In this article, we examine a recent survey on retirement savings and consider ways to re-allocate money for savings, using a budget.
45.5% of adults may have nothing saved for retirement.
According to a survey published in October 2019, 45.5% of over 2,000 adults of all ages polled had nothing saved for retirement. GoBankingRates.com is an educational and financial information resource for consumers and published the survey.
Another 18.8% of respondents have less than $10,000 saved for retirement. And 12.3% have between $10,000-49,000 saved. Keep in mind, retirement can be 30 years long, depending on when you retire and how long you live.
Won’t social security will help people in retirement?
According to a report published in US News and World Report, the average monthly social security payment as of January 2019 was $1,419. Social security likely won’t be sufficient as the sole income source in retirement.
According to the same GoBankingRates.com survey, 45% of respondents said they don’t make enough money to save. This was the number one reason respondents said they couldn’t save.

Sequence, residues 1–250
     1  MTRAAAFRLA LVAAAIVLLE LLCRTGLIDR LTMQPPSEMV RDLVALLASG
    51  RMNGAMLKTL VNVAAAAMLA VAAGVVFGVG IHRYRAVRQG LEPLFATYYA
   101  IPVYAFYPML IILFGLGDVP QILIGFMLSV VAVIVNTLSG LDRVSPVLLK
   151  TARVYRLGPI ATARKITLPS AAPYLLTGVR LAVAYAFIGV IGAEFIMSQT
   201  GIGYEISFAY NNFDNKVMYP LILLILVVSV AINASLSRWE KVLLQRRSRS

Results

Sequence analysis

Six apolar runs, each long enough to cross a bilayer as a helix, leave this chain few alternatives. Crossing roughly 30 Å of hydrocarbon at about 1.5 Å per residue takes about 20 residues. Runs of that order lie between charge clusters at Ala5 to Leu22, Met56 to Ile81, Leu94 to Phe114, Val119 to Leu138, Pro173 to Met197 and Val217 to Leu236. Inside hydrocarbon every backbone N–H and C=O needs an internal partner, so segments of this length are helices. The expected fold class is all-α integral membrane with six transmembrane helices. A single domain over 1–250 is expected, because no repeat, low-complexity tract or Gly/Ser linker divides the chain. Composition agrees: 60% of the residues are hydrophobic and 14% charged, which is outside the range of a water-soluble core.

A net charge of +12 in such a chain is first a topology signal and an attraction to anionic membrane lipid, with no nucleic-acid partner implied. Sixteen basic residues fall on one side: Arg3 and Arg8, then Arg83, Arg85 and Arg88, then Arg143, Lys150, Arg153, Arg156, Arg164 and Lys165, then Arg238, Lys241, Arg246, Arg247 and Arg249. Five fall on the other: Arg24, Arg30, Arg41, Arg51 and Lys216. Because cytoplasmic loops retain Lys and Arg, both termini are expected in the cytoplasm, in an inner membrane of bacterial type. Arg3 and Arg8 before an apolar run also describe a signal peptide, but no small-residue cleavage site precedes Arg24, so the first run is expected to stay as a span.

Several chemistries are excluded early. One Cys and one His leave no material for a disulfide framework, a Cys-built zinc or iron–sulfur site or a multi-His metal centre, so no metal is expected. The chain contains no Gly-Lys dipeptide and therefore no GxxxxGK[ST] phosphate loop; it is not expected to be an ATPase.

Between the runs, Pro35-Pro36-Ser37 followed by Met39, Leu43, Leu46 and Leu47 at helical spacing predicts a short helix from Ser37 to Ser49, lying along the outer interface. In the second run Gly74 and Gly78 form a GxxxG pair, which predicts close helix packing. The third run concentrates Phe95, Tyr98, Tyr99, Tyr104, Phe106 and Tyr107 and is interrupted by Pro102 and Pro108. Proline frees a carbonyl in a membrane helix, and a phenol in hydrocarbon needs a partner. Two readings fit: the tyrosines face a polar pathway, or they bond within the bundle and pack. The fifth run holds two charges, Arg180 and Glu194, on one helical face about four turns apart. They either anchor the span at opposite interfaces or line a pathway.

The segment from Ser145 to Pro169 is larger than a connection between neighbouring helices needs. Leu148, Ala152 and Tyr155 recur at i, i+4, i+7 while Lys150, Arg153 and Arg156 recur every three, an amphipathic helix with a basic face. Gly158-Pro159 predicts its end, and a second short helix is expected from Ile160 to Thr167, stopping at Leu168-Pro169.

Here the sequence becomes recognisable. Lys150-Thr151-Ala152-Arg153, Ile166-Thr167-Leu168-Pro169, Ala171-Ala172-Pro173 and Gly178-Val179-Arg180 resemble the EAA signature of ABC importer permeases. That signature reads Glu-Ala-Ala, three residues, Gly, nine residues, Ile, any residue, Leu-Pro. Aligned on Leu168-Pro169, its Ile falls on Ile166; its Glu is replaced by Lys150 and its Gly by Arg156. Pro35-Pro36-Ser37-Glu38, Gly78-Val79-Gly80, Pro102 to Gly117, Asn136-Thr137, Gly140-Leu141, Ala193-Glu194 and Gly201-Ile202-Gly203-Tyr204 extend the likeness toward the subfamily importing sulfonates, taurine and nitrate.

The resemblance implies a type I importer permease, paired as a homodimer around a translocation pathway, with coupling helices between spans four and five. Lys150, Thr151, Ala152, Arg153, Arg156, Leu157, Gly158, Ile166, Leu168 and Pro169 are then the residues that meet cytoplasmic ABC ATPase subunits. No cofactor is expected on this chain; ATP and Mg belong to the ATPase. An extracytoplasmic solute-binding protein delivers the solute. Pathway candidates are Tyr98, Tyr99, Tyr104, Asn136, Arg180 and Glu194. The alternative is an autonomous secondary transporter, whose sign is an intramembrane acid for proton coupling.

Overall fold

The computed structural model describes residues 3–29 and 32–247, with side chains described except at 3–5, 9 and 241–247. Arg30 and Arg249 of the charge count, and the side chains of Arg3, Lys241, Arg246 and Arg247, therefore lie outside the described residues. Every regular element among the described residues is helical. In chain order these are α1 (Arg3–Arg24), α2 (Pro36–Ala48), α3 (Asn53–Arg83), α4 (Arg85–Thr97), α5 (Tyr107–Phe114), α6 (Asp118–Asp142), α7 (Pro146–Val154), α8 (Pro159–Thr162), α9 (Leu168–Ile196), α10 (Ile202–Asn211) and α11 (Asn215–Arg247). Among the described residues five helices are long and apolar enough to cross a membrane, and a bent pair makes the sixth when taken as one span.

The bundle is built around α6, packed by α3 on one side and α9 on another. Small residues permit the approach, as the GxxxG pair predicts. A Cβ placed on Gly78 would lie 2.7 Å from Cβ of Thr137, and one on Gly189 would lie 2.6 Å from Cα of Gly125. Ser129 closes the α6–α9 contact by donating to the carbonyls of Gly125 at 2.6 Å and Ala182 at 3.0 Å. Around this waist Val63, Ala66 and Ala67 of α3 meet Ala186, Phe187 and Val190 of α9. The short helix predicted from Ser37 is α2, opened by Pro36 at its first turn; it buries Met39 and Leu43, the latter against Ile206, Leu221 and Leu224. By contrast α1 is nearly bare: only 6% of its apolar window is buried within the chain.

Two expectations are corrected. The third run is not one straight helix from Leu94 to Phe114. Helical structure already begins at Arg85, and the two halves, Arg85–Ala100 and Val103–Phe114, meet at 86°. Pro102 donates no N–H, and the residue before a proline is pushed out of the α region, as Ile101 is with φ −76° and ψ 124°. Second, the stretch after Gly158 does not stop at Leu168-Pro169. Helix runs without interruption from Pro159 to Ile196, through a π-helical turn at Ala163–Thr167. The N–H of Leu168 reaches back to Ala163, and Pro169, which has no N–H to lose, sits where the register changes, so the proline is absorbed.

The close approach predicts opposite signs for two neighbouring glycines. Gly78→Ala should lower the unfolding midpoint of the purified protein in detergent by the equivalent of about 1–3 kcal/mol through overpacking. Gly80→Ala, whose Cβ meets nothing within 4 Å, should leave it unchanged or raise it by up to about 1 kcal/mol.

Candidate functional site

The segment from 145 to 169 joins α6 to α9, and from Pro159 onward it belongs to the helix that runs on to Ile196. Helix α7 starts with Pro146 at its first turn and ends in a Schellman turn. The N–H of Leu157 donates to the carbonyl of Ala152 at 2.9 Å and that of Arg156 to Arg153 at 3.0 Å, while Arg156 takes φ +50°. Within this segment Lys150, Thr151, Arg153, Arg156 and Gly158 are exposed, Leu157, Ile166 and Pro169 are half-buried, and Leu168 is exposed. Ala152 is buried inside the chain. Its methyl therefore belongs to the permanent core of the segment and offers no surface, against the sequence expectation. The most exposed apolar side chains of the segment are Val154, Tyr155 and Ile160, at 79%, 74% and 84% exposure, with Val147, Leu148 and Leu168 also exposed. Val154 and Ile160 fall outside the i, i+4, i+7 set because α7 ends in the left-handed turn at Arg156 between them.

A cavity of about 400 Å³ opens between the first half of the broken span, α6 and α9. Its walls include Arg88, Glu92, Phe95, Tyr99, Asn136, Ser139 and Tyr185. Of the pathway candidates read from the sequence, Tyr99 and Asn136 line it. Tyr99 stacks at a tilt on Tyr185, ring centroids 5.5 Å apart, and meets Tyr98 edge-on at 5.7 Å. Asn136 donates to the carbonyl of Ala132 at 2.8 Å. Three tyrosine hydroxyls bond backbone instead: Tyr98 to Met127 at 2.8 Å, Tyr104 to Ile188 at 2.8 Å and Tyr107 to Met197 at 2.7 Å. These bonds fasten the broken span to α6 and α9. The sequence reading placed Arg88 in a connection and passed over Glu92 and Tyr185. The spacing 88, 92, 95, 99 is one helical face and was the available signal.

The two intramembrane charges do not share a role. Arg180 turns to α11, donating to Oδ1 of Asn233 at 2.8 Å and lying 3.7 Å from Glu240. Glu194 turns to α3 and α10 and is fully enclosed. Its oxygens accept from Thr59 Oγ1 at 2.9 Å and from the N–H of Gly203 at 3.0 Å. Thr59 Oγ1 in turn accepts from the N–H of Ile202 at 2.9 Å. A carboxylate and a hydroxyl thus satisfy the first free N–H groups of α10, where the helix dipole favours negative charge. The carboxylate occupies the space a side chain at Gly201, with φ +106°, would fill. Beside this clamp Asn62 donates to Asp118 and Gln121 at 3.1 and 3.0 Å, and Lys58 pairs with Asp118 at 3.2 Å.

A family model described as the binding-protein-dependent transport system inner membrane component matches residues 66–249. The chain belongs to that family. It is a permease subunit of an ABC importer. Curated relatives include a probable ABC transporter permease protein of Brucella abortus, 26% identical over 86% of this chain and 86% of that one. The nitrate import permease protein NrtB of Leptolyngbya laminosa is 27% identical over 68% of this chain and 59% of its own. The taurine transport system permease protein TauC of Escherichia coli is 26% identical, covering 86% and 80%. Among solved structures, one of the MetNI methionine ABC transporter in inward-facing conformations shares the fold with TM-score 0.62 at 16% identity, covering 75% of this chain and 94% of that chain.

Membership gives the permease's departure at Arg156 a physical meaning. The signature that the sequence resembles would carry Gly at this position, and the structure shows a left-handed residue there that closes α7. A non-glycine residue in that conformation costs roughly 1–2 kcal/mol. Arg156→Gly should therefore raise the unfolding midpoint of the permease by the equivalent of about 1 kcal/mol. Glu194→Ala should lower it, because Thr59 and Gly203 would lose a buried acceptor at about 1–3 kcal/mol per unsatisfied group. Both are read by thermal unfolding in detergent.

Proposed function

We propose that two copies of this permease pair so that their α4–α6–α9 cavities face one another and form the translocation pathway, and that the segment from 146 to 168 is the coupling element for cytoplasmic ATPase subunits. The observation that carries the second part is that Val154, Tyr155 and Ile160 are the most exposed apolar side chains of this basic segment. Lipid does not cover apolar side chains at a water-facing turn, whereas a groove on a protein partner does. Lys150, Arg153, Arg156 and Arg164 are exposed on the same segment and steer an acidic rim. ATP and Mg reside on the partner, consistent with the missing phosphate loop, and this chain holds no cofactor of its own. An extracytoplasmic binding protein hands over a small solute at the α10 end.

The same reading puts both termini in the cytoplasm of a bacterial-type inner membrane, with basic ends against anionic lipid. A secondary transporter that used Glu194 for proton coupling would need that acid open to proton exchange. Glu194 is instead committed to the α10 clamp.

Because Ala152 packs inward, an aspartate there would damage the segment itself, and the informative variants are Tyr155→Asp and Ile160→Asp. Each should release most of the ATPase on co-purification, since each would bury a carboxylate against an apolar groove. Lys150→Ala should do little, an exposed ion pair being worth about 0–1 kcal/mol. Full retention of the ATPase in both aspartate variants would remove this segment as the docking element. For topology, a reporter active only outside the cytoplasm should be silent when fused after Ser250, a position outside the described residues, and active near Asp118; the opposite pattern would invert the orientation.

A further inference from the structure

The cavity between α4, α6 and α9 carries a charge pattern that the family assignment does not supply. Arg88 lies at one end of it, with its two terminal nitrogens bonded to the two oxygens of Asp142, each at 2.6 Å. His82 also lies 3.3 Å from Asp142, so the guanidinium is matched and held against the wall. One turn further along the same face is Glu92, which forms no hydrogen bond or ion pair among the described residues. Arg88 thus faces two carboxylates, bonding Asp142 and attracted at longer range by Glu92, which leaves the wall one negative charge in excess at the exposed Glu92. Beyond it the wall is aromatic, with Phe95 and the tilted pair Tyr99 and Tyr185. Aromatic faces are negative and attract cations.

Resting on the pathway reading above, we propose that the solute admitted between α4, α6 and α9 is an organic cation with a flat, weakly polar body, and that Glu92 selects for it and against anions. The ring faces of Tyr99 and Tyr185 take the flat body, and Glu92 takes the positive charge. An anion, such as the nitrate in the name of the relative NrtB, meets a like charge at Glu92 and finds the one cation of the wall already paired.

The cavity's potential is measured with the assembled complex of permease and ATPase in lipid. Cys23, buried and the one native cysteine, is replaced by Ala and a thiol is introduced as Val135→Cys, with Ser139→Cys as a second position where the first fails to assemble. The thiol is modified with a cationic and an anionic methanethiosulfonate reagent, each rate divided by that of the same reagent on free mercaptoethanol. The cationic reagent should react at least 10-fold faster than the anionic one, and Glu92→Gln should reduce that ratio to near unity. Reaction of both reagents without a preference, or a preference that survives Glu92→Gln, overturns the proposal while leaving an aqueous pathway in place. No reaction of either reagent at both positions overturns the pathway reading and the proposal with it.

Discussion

So how can you “find” money to start saving?
That could start with looking at the amount of money your household earns in income, compared to the amount of money your household spends. In other words, create a budget.
Here’s an article I wrote on some tips for creating a family budget. Ultimately, once you find out where you money is going, you can figure out where there is opportunity for saving.
- Maybe there is an old subscription service or gym membership billed monthly on your credit card that you no longer use.
- Many people find they can set up a monthly transfer of funds from a checking to a savings account, creating an automatic savings tool monthly.
- Maybe eliminating one take-out meal per week is reasonable with a little more advance meal planning.
- Whether it’s $10 or $100 per month that you can save, automating the savings can result in less decisions you need to make each month.
Note that you should consult with your financial professional on what is best suited to your personal situation, as information included here is not intended as personal advice.